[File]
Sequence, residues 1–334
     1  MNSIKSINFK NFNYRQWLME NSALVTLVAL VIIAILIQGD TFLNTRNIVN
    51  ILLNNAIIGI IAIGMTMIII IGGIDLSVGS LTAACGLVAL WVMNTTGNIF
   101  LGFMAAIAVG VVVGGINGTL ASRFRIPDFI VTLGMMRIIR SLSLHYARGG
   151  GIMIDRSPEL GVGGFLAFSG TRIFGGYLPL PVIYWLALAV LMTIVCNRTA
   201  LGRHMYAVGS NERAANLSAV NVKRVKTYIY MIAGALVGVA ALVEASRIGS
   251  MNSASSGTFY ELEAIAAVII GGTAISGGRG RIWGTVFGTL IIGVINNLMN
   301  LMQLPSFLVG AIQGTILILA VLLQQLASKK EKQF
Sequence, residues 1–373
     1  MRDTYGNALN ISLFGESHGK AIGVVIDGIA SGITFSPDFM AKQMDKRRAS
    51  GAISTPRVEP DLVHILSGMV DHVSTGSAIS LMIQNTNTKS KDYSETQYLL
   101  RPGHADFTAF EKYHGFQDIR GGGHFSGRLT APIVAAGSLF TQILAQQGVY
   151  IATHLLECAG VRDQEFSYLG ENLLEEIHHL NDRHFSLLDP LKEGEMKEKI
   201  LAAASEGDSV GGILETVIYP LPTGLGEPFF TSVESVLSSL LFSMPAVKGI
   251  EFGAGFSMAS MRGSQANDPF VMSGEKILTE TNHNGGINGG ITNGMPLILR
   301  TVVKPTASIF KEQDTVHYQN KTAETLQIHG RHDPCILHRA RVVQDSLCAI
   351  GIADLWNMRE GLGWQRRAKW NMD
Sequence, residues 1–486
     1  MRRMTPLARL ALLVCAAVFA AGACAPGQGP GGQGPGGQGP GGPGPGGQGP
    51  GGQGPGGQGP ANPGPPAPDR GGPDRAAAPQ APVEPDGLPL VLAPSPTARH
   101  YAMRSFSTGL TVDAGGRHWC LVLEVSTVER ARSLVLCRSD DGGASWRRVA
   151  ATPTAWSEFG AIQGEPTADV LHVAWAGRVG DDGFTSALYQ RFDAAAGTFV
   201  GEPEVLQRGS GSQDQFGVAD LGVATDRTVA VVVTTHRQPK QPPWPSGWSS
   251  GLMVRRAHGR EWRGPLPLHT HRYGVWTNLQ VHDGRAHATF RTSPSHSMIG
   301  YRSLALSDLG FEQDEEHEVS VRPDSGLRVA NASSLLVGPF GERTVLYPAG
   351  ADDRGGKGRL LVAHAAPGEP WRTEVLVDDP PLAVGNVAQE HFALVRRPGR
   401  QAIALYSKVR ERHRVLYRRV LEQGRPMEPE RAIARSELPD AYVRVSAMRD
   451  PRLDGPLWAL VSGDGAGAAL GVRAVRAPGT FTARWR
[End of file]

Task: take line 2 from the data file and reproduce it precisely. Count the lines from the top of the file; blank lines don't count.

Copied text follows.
     1  MNSIKSINFK NFNYRQWLME NSALVTLVAL VIIAILIQGD TFLNTRNIVN